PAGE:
It is the argument of men who wish to continue deploying casual misogyny that the objectification of women is the natural state of things. It is their goal to bring down anyone who challenges this status quo, imperfect messengers or otherwise, allowing them to remain resolutely in the dark themselves.

Women just need men to treat them with respect and as equals, and many of us have failed. Speaking out when you see women, or any other marginalized demographic, treated poorly shouldn’t be something that’s above and beyond. It should be the bare minimum required from any man. Imagine the frustration, the anger of women toward men, when what is required from each man is so little, yet many of us still consistently fall short.

And so I won’t remain silent when it comes to speaking out about women’s issues or other vital topics. I won’t be defined by past mistakes. I won’t stop trying to amplify powerful messages from women. I won’t stop striving to be a better contributor to a society that consistently demeans and relegates women in equal measure.

My evolution, which began in the early part of this decade, when I found sobriety, entered a new stage earlier this year. I left a job in sports media, seeking outlets for political activism necessary to combat the hateful, crude, demeaning, sexist culture that’s poisoning our society and currently resides in seats of power, especially the White House.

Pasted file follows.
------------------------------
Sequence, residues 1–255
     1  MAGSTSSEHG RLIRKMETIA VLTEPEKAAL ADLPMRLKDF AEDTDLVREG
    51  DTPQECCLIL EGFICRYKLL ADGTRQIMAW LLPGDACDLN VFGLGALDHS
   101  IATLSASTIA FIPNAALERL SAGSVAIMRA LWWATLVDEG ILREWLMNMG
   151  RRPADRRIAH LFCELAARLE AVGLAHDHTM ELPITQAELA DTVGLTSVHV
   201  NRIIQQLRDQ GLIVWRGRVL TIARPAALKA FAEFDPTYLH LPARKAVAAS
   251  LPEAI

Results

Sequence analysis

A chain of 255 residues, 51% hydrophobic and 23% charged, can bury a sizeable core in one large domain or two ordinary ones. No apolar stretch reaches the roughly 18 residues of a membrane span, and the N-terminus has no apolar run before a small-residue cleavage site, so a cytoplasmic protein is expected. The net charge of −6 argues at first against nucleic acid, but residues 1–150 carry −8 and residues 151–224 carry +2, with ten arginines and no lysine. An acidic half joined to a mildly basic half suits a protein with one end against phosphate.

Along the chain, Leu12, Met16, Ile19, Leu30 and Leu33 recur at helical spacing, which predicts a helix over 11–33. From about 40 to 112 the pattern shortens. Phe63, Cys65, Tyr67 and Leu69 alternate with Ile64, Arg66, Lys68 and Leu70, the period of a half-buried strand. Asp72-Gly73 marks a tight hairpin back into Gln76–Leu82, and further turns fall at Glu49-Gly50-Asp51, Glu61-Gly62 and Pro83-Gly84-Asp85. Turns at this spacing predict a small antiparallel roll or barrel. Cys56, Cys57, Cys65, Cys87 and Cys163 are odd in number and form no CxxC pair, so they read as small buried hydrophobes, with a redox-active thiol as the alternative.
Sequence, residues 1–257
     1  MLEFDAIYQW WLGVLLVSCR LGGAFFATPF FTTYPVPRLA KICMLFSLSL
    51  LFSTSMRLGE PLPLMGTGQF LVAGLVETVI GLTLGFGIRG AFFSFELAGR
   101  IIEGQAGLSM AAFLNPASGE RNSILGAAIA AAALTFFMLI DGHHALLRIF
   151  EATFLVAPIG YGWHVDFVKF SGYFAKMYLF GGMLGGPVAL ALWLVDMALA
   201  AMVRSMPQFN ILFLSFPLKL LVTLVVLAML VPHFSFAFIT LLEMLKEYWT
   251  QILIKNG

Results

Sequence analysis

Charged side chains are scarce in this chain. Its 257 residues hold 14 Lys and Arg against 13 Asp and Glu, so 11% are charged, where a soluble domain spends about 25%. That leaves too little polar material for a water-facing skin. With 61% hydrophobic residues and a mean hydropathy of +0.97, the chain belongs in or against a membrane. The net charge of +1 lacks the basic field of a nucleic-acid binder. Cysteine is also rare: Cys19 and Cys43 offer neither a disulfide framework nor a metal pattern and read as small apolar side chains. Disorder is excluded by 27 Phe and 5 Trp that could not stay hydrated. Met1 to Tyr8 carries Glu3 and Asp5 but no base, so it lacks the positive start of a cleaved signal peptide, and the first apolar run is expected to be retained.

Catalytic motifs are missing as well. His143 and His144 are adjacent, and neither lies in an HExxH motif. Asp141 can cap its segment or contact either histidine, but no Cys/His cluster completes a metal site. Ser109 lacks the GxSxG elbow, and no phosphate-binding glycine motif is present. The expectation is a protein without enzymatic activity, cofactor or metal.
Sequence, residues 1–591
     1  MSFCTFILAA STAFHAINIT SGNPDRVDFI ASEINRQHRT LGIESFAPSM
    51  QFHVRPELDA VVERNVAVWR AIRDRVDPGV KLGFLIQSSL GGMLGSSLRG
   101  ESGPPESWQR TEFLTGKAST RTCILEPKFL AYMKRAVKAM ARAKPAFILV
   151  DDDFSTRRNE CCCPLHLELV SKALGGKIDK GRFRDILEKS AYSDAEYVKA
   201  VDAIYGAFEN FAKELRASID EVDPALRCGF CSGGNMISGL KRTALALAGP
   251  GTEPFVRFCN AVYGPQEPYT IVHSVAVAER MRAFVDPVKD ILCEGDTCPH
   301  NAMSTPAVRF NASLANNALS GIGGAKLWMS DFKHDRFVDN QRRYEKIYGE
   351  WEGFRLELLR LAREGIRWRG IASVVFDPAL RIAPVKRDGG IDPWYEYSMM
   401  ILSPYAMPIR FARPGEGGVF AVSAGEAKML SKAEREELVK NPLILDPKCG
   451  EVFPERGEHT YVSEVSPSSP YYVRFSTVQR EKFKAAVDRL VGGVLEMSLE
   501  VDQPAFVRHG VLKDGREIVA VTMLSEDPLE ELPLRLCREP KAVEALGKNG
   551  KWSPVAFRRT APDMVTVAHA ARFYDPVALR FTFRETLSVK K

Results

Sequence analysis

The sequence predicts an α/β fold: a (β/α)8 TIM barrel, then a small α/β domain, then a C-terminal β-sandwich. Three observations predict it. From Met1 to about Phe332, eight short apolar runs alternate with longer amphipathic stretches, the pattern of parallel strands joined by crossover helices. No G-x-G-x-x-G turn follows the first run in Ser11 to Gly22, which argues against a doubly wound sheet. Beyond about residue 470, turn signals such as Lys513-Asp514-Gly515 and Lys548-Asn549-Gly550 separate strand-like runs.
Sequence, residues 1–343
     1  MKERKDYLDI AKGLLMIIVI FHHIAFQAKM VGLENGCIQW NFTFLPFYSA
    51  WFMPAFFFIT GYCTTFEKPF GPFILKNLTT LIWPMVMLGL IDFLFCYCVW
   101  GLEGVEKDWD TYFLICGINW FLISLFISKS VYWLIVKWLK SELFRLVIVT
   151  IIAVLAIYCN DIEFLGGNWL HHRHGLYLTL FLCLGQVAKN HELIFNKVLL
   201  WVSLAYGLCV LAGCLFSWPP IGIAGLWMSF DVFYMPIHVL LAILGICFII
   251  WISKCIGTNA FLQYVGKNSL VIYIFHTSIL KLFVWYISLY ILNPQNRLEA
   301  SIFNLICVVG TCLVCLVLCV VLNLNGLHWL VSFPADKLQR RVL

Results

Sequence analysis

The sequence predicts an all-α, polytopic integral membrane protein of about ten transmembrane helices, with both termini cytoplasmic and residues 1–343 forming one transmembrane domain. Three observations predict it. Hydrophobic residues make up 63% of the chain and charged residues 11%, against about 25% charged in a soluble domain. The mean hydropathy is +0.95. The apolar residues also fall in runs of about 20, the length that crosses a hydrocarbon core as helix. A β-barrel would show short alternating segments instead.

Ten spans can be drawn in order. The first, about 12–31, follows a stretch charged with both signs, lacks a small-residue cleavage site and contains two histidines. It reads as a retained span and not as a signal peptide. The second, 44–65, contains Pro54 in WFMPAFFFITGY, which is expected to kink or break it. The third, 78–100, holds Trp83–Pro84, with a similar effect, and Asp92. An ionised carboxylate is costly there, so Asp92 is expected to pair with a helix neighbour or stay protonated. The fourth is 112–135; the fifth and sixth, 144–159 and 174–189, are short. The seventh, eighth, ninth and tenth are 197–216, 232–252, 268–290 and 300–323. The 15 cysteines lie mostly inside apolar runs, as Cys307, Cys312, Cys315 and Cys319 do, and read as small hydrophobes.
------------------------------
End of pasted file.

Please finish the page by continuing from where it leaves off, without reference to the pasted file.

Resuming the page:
My track record isn’t without flaws, but those who know me realize I have been trying to fight for progress for a long time. My hope is that others who don’t know me as well will give me the opportunity to demonstrate this change. I may be a flawed messenger, but that does not make the message that we should treat women with dignity, respect, and equality any less worthy. The way we discuss women in our culture must change.

If we remain silent amid wrongs because of our own flawed histories, few people will be able to speak up. Toxic masculinity has framed both apologizing and standing up for women as actions that are signs of weakness in men. This is by design, and embraced not only in the darker corners of our society, but indeed, in the White House itself.

A fear of speaking out is one reason why men like Bill O’Reilly, Donald Trump and Harvey Weinstein often avoid repercussions. If nobody speaks out, women will continue to be assaulted, harassed and objectified. Men listening to women is even more important than men speaking out. The most important thing I can do, that we can do as men, to support women is to help boost women’s voices. We men need to help make sure women are being heard.

Even though it was embarrassing and uncomfortable, I am grateful I was forced to confront my past transgressions publicly, since I think it demonstrates that men can and must do better. I will work every day to prove through my actions that my evolution from an immature and insecure kid using insensitive rhetoric on social media to an advocate for women is possible. Still I know I can always do better, and will never stop listening for how to do so. I also understand that my actions, not these words, will be what matters — the actions I take in public and private to push for a lasting sea change desperately needed in American culture.

As men, we have created this problem through action and inaction. Now is the time to ask what we can do to help.